Yes, this is a zombie book. And I listened to it. No judging.
I downloaded this particular audiobook because I had just watched the movie with my husband (didn’t love it but was entertained enough) when my brother-in-law told me the recorded book had won an Audie Award. He told me it was full cast and when I looked at the cast list, I decided to try it. Here is why, if I am completely honest:
He reads one of the chapters.
Yes, just one, but OH, that was a thrill. NATHAN! READ TO ME MORE!
OK, so I started it for Nathan but I finished it because I enjoyed it.
World War Z is an oral history of the Zombie War. The author “interviews” people from all sections of society, all cultures, to preserve for the future personal stories of the war that brought live human beings to the brink of extinction. He speaks with politicians, soldiers, priests, doctors and just regular people who played a unique role in the conflict. What I particularly loved about this audiobook is the fantastic job of casting. I’m sure reading it would have been fine, but to have all the different accents and varied cadences of speech really made it such an interesting listen.
Their stories are so varied, it was always a bit exciting to see where our next location would be and what kind of person we would meet: a blind Japanese warrior, a Chinese submariner, a South African citizen, an American dog handler, a Russian cleric, a Pakistani refugee. Each person’s viewpoint is unique and adds another piece to the supposed history. Only a few characters share more than once; one in particular is very foul-mouthed, but his story was one of the most interesting, since as a soldier he was on the very front lines. Much of the book is a military history but not so much that it stopped being interesting to me.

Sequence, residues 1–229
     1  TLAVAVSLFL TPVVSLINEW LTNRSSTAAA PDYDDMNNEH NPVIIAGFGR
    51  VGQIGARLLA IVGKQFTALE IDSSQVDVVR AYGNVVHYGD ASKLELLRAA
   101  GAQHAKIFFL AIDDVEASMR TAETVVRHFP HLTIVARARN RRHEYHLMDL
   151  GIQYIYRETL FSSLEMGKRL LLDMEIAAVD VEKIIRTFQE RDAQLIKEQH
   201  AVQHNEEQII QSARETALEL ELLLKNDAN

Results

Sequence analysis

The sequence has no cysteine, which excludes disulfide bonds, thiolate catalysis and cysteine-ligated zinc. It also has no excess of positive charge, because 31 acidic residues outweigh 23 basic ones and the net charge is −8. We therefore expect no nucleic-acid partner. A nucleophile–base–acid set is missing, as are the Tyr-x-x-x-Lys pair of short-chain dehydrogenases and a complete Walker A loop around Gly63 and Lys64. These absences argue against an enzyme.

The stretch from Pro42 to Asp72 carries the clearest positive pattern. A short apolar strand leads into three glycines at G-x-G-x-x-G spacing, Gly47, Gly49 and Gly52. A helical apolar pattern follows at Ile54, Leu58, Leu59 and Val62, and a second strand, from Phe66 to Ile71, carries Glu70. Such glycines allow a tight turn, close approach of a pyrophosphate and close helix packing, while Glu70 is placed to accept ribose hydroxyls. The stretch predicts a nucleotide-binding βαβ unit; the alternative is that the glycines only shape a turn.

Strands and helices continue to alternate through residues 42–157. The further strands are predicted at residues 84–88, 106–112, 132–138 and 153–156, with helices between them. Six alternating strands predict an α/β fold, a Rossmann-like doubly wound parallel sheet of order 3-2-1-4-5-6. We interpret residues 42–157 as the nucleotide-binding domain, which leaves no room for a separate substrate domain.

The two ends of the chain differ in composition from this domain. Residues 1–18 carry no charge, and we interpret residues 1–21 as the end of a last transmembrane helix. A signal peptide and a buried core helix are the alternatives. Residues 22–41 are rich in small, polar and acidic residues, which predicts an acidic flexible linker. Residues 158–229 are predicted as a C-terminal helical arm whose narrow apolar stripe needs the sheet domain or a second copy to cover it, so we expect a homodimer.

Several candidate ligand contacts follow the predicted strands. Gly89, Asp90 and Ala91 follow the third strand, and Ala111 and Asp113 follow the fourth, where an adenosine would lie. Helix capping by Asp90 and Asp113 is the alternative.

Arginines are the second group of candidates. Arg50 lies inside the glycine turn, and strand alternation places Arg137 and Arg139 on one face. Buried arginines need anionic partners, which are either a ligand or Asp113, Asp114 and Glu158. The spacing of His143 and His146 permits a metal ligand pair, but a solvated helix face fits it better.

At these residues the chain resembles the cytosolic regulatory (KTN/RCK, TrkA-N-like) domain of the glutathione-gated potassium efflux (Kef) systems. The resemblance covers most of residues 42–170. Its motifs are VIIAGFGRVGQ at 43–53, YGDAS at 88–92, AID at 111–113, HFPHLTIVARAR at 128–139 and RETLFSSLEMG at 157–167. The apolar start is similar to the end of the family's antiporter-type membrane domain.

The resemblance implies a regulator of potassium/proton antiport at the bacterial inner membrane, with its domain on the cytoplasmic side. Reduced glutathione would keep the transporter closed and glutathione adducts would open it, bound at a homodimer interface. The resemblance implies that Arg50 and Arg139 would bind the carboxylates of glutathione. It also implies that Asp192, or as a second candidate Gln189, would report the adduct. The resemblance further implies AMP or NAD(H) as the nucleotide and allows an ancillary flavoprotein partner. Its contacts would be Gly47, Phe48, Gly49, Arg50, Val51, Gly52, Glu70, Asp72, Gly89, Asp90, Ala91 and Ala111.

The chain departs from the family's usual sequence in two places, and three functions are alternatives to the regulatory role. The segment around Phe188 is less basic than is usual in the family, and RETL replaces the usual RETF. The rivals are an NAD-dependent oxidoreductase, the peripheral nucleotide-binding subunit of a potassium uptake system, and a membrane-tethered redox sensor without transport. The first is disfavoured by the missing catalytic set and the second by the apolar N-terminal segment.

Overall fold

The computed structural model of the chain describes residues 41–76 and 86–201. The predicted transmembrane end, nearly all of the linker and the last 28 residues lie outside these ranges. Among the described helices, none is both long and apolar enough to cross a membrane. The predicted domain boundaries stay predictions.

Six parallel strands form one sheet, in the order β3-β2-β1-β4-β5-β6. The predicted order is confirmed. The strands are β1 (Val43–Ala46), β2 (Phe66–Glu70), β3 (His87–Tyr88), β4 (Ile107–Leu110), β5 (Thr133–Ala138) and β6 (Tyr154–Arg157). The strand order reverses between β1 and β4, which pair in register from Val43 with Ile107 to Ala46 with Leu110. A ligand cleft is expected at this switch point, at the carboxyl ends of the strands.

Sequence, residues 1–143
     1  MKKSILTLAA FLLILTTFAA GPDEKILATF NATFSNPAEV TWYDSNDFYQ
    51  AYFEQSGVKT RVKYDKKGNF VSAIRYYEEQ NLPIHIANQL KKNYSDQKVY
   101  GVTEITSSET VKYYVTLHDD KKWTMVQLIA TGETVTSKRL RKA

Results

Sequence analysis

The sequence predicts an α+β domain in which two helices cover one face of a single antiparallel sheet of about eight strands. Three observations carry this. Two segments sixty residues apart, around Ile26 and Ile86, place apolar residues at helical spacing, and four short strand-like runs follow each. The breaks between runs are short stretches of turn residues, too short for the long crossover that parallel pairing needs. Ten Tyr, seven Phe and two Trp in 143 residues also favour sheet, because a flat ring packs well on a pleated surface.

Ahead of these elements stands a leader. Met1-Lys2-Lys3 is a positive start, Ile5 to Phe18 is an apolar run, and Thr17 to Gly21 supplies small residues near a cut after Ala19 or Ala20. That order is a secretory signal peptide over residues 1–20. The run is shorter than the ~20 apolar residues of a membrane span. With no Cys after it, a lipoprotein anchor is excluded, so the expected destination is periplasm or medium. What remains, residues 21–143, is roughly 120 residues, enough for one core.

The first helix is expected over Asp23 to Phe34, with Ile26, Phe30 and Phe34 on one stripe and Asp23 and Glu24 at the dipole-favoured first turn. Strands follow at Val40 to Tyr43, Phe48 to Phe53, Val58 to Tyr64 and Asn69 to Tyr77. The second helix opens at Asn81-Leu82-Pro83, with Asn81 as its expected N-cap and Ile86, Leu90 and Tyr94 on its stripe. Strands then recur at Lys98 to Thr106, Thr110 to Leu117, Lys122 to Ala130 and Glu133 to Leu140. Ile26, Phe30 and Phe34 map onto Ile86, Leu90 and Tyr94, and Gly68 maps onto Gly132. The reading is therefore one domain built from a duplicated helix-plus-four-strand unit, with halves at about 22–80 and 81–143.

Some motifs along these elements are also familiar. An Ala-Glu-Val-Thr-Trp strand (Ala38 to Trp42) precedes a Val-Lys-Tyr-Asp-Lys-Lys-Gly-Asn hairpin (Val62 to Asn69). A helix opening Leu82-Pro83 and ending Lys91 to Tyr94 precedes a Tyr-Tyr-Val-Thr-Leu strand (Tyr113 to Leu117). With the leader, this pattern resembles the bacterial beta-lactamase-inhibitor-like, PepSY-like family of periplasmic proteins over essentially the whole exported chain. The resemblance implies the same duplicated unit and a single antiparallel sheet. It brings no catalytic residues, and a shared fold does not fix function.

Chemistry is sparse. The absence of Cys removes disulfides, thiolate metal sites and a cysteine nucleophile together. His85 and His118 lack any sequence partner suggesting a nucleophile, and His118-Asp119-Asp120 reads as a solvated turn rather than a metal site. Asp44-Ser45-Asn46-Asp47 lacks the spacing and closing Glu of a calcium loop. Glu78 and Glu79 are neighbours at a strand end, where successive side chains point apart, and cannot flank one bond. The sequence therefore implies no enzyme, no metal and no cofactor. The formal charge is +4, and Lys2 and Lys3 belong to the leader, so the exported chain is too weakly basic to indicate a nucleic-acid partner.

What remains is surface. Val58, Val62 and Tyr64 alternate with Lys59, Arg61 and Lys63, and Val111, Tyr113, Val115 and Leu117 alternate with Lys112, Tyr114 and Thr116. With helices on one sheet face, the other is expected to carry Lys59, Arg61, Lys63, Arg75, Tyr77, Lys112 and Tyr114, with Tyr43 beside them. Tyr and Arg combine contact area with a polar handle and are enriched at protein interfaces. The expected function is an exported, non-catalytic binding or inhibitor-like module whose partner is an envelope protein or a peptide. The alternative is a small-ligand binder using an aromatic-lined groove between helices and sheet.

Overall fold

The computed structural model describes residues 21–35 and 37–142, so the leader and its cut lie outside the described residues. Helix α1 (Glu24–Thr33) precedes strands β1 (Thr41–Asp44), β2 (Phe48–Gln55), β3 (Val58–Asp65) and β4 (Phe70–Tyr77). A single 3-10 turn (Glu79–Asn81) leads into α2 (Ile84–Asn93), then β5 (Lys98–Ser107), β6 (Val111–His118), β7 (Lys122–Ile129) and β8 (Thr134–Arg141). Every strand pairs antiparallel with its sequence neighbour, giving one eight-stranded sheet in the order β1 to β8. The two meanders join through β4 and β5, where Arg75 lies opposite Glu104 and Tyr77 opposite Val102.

The history of the war is rich and complex — I think the author does a fine job of making it just realistic enough that you almost believe there is actually a possibility of this happening. And after you finally cross over that edge, you have to keep reminding yourself THERE ARE NO ZOMBIES. I let myself go along for the ride. I believed in the Zombie War. And if you can get me to do that, Max Brooks, you did a pretty good job.
Rated: High for language; there is no way I could count all the f-bombs in this book. Other language too. Also, it’s pretty graphically violent and horror-movie-like.